On January 11, 2019, the Supreme Court granted a petition for writ of certiorari over an Eighth Circuit decision involving Exemption 4 of the Freedom of Information Act (“FOIA”), which protects from public disclosure “trade secrets and commercial or financial information obtained from a person and privileged or confidential.” This marks the first time the Supreme Court has agreed to hear a case involving this important exemption.
The case – Argus Leader Media v. U.S. Department of Agriculture, 889 F.3d 914 (8th Cir. 2018), cert. granted, — S. Ct. —-, 2019 WL 166877 (U.S. Jan. 11, 2019) (No. 18-481) – involves a FOIA request made by Argus Leader Media, a South Dakota newspaper, to the U.S. Department of Agriculture (“USDA”), seeking the yearly Supplemental Nutrition Assistance Program (“SNAP”) sales figures for every grocery store participating in the program. SNAP, formerly known as the Food Stamp Program, is the federal aid program that provides food-purchasing assistance for low- and no-income people living in the United States. The USDA issues SNAP participants a debit-like card that they use to buy food from participating retailers. When a participant buys food using their SNAP card, the USDA receives a record of that transaction, called a SNAP redemption. It was the yearly totals of these redemptions that Argus sought in its FOIA request to the USDA.
The USDA refused to release the SNAP redemption data, citing FOIA Exemption 4. Argus filed suit, resulting in the trial court ruling in its favor. Although the USDA declined to appeal, Food Marketing Institute (“FMI”) – a trade group representing grocery retailers – decided to intervene and file an appeal to the Eighth Circuit. The Circuit Court affirmed the trial court’s ruling, finding the redemption information was not “confidential” information entitled to protection under the exemption. In so ruling, the Circuit Court applied the test first enunciated in the D.C. Circuit case of National Parks & Conservation Assoc. v. Morton, 498 F.2d 765 (D.C. Cir. 1974). Under this test, commercial or financial information is “confidential” for the purposes of FOIA Exemption 4 only if disclosure is likely (1) to impair the Government’s ability to obtain necessary information in the future; or (2) to cause substantial harm to the competitive position of the person from whom the information was obtained.
Before the trial court, the USDA argued the competitive position prong of the National Parks test applied. On appeal, the Eighth Circuit agreed with the trial court that the SNAP redemption data did not satisfy this prong. Specifically, although the redemption data could be commercially useful, the Circuit Court found that was not enough to show FMI’s members would experience a substantial likelihood of competitive harm. As to FMI’s argument that its members would suffer competitive harm from the stigma associated with SNAP, the Circuit Court found this argument to be speculative and not supported by any other evidence in the record. Finally, in a footnote, the Eighth Circuit addressed FMI’s argument that the National Parks test should be abandoned in favor of a standard that applies the dictionary definition of “confidential” as meaning “secret.” The Circuit Court rejected this argument, stating “[u]nder [this] reading, Exemption 4 would swallow FOIA nearly whole.”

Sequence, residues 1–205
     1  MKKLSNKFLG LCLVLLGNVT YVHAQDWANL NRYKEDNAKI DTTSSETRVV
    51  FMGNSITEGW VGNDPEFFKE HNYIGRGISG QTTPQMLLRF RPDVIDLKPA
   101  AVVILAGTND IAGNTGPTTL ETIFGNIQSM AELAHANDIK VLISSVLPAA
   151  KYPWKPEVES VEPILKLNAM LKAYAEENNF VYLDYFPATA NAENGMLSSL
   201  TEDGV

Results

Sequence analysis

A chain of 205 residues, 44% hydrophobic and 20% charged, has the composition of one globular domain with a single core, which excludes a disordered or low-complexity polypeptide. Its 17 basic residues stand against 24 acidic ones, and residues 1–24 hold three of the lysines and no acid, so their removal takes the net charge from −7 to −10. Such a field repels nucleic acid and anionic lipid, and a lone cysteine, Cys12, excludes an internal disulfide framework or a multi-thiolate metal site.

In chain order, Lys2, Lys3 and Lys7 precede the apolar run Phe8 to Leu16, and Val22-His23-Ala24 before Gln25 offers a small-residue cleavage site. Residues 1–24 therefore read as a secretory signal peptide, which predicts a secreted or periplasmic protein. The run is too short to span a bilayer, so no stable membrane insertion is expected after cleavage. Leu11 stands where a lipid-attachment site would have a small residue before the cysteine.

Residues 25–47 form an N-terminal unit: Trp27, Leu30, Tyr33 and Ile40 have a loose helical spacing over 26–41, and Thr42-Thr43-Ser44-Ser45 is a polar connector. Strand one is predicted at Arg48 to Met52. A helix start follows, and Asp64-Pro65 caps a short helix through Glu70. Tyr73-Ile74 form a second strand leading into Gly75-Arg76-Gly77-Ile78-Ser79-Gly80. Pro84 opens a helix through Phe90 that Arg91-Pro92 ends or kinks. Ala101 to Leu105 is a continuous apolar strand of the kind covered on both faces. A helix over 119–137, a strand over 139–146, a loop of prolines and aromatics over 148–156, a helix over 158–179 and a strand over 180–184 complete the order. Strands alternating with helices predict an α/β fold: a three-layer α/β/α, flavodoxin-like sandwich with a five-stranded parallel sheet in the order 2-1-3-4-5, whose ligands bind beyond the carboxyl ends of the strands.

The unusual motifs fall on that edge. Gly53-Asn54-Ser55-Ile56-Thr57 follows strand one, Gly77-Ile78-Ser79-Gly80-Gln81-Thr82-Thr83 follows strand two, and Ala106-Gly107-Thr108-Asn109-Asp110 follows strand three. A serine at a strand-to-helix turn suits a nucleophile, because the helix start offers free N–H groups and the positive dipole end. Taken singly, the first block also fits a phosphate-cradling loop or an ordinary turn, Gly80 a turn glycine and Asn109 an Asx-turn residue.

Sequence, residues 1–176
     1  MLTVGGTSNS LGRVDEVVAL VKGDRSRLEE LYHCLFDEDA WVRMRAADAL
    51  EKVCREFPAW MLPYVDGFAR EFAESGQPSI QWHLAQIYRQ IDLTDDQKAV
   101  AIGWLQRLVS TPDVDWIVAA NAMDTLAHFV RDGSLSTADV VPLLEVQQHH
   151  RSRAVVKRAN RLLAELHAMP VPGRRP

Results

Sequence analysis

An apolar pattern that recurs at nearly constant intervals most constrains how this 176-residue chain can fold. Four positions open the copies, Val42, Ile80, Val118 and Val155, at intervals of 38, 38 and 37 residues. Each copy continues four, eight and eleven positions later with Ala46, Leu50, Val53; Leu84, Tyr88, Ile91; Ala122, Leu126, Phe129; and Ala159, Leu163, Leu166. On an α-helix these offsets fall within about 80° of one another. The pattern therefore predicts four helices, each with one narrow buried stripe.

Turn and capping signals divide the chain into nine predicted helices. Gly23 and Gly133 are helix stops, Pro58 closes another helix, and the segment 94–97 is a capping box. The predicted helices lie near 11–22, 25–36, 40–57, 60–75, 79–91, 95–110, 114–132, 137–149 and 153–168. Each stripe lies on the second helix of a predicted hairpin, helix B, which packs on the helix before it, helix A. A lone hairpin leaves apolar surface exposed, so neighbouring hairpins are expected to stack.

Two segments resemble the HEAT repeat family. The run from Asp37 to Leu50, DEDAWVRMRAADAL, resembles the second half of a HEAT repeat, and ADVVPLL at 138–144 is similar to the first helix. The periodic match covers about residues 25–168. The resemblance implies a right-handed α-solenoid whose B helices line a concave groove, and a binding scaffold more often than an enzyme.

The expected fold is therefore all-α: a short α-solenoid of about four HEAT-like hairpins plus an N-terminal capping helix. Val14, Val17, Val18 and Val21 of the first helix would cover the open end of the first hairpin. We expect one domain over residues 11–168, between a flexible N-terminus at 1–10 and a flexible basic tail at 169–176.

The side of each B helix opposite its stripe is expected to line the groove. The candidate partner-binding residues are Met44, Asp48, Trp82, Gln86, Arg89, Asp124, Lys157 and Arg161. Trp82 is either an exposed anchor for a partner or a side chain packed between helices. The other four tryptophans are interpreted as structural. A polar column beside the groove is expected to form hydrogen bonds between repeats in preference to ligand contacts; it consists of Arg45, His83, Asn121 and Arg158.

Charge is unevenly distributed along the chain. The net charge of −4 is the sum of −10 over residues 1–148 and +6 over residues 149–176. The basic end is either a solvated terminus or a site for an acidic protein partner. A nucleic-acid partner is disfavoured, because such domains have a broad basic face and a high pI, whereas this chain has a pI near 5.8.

It is this final point that could have the greatest implications on appeal before the Supreme Court. Government contractors – many of whom have no choice but to deliver confidential information to the Government in their proposals and under data rights clauses in their contracts – could gain a significant advantage in having their information more broadly protected from disclosure to their competitors should the Supreme Court reject the National Parks test in favor of a plain meaning definition of “confidential” as “secret.” If a plain meaning test were to prevail, agencies would be required to shield information that contractors keep secret from the public and from companies seeking to use the FOIA request process as a means of to obtain otherwise unavailable competitive information, without the Government having to demonstrate how disclosure would impair the Government’s ability to obtain necessary information in the future or cause “substantial” competitive harm.
The Supreme Court’s adoption of a plain meaning test also would eliminate the many jurisdictional divisions afflicting the application of the National Parks test. Particularly, some courts only apply National Parks when information is “required” to be provided to the Government, as opposed to when information is “voluntarily” submitted. What constitutes a “required” disclosure versus a “voluntary” submission in the Government contracting context is the subject of even further disagreement. The Supreme Court’s adoption of a plain meaning definition of “confidential” as “secret” would do away with these distinctions.
Regardless of how it ultimately rules, the Supreme Court’s decision in FMI is likely to affect the Government’s application of FOIA Exemption 4 for years to come. Consequently, Government contractors should stay tuned and track developments in FMI closely.